Pictures of You
Bob Arter

Sylvie is a freak, is six feet seven of high school Amazon, monkey toes, banana fingers, bushy blazing orange hair like a torch lighting smooth mocha skin. She has oversized knobby knees and elbows sharp as a screaming match. Coach wants her for basketball, for volleyball, for bedtime stories over Puerto Rican rum. No one else wants her for nothing.

She loves a boy like the Father and the Son. He is Tony Macaroni to the girls in their belly shirts and tight black jeans. They are cheerleader cute and they smoke in the girls’ rooms blabbing like fools about Tony. Sylvie slumps to the house and cries on her bed over Tony, only Tony’s maybe five foot ten, got pretty black curls with eyelashes look like a model on a magazine. A tank-top boy in a candy-apple Ford with a megawatt stereo, Tony plays his satin Stratocaster at the dirty-dancing parties Sylvie never gets to go to.

Aunt Pumpkin tells Sylvie, says Listen here, girl, you got a big old brain in that long tall body, you forget about all of that boyfriend juju. When y’all gone to college and you got a education, make a living on your own, then the men come running, hear? Sylvie thinking, Oh yeah, right, I want to waitress till I’m forty like you in your little bitty skirt in your fishnet pantyhose low-cut demi bra just to boost the tips.

Sylvie loves Pumpkin, but she loves Tony more. Loves Tony like a rock, pulling pale-blue lined spiral notebook from between the mattresses. And a pencil or a purple grape pen. She writes about a life as a wife, as a mother, writes him letters so he’ll know, make him see where she stands on the Mrs. Macaroni issue. Honey, we will live in a Motel 6, eat HoJo clams, buy Charles Shaw wine, that Two-Buck Chuck, come home drunk and fool around on the bed, yo Tony, want to fuck me? But she hides the book away.

Then she starts with geometry and ends with desire, until she's finally thankful for her long feely fingers. And she thinks about college and she thinks about her life and she winds up dreaming of a chicken-fried steak she will learn to cook for Tony.

Maybe streaky gravy, too. Just depends on Tony.

* * *

They have a homecoming picnic in the low brown hills near school. Catered by the cafeteria, Jesus, but no way to get the Health Department off the principal’s ass, so the kids bring sacks of reasonable food because the dietitian’s notion of some really tasty shit is boiled canned spinach with a poached egg lying on top, just looking at you.

Sylvie wears cutoffs and a tube, Chaco sandals cool on her long skinny feet, pinky-mauve toenails that she hopes resemble sexy, but the cute girls are painted up in Pussy Galore.

She brings a little bitty pizza. She is hungry all the time, but the pretty girls eat like people being poisoned, Diet Pepsi and a Wheat Thin, God, I’m so full I couldn’t take another bite.

So Sylvie’s got her pepperoni, and it rhymes with macaroni, and it isn’t any bigger. If I ate what I want, she’s thinking, all these hairdo girls take to puking just to see such a sight as an Amazon gobbling a couple dozen burgers, maybe fries, Sylvie thinks, maybe every fry in Idaho, wash it down with a shake.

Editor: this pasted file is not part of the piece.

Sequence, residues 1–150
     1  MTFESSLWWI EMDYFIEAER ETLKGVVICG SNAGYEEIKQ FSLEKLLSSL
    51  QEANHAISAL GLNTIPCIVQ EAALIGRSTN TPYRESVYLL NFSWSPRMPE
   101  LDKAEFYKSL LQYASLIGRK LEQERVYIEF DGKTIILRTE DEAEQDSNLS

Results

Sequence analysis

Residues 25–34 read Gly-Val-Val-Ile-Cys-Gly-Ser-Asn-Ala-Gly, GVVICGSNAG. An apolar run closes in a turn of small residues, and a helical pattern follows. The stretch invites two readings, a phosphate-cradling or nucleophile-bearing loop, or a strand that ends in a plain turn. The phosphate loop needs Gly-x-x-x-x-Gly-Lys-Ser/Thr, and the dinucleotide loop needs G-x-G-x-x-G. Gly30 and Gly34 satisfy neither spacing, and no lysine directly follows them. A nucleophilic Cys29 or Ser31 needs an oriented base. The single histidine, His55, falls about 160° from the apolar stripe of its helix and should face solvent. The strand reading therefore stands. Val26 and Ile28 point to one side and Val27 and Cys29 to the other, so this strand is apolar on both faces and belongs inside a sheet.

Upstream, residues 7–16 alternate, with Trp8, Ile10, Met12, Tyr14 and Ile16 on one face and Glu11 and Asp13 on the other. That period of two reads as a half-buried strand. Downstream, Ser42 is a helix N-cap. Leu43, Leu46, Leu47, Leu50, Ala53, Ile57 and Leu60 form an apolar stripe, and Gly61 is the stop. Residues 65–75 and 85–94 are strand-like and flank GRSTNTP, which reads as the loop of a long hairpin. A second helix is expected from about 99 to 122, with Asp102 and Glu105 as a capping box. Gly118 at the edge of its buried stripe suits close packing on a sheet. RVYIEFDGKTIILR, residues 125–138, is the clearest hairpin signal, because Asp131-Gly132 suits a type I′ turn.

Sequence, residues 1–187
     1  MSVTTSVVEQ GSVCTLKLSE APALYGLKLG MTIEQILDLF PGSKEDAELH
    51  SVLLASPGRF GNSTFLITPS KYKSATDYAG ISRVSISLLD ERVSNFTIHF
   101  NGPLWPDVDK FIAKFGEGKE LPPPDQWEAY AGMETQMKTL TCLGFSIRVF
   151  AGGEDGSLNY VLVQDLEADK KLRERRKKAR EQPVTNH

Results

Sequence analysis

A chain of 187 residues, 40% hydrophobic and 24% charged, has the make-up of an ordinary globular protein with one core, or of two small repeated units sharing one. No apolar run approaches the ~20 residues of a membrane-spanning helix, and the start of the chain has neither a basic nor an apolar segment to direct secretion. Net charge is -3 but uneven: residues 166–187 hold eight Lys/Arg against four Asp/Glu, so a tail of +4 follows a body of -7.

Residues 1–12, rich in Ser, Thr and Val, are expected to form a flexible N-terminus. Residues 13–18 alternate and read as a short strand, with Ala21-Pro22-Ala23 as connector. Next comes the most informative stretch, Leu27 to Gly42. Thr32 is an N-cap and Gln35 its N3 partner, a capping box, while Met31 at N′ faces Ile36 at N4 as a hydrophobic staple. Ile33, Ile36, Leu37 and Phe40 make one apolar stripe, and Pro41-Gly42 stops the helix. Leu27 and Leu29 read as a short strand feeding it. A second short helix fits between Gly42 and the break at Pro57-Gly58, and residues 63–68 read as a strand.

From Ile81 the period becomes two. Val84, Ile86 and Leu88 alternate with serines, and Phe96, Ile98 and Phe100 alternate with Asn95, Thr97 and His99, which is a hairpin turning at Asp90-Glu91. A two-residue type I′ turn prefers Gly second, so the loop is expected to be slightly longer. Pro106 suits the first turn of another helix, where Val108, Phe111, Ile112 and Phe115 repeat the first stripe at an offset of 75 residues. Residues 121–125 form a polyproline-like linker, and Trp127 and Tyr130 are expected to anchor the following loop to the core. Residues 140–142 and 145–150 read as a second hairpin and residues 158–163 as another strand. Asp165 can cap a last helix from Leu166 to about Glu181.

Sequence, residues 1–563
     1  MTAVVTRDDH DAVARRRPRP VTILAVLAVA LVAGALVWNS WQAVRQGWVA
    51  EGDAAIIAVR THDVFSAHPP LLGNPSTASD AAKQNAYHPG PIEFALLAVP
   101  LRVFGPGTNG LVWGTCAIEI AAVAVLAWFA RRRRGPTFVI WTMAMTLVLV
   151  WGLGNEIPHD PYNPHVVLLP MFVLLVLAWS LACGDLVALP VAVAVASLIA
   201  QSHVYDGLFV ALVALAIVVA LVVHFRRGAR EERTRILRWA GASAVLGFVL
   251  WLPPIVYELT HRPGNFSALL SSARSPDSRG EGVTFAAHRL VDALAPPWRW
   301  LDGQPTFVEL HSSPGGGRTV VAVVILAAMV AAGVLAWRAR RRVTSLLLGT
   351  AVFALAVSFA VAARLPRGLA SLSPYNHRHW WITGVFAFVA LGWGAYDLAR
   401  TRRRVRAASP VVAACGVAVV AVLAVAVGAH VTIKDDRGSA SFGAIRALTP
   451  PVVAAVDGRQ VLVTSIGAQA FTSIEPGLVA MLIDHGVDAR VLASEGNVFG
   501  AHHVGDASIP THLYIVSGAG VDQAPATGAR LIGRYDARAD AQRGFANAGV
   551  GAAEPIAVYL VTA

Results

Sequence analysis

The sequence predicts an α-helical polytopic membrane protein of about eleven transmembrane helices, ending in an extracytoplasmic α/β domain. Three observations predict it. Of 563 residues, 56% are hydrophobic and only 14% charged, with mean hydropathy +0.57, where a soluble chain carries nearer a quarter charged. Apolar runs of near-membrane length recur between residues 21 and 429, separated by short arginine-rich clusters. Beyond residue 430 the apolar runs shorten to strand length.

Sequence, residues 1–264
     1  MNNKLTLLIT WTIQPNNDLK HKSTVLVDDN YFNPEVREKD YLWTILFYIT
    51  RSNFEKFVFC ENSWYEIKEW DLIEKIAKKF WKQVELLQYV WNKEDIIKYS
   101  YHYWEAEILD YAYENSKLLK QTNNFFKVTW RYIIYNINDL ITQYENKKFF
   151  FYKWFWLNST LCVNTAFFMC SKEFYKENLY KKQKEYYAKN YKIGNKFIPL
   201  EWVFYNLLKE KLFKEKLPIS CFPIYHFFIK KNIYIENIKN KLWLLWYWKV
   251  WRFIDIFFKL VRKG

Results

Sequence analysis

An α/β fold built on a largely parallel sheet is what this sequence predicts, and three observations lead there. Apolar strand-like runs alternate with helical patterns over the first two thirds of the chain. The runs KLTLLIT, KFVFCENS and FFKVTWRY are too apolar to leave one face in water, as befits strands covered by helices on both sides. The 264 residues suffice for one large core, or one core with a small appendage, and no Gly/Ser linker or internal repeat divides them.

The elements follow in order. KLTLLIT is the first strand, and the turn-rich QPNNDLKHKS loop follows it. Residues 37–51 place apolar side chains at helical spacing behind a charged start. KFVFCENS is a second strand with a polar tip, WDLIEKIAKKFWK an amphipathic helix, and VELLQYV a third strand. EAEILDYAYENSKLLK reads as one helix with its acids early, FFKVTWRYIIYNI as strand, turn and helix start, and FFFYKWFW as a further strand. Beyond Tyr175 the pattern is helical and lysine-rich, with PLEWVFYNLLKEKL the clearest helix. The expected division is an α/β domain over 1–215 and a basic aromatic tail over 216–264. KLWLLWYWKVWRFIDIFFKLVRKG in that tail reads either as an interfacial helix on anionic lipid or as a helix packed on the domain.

Tony’s band is playing on a flatbed truck, playing “Pictures of You,” wearing black coats white shirts no tie and Sylvie can’t take it any longer, takes a walk instead across hardpan land, just digger pines and scrub. She climbs uphill wishing she’d worn work boots and canvas, like a guy installing toilets, thinking, What’s the fucking difference?

She finds a wide flat rock, walks out to the middle for a look. Some spray-can man wrote BABY PLEASE COME BACK I CHANGED. Like her father took a walk when her mama got arrested, like Pumpkin’s husband, Pumpkin’s men, just hanging like apes till the woman runs them off—what the hell, Sylvie’s thinking, just what the hell, anyway? Don’t men want nothing else? Think about nothing else?

She has a marker in her little red knapsack, book bag, some damn thing. She finds it and is down on her knees about to write a little note to the fool claimed I CHANGED and here’s Tony.

He has taken off his coat and he has tracked her like a Navajo guitarist. Stopping at the edge of her rock, he says, Hey. She looks over and her mouth falls open and she drops the marker. It rolls down the rock and he catches it. What you writing, Sylvie, he says.

This is some serious shit, she’s thinking. This boy, my dream baby, my babies’ daddy, he—she says, You doing some kind of voodoo? Or that you right there? By my rock?

He says, You write songs? and he tosses her the marker. We could use some new words, Tony says, but in Sylvie’s head he says, We could be drinking cheap wine in bed, if you like that kinda thing.

She decides he’s a vision and she uncaps the marker and writes to the unseen fool in her bright red calligraphy, Honey, I wish you well, now please don’t let this air-vapor boy go away, not ever.

When Sylvie looks up, Tony’s gone. In his place is the rest of her life.


“This was an attempt to get inside a teenage girl’s head. Maybe she survived, maybe not. Maybe she wound up in the East Village, selling smack. I hope not.”

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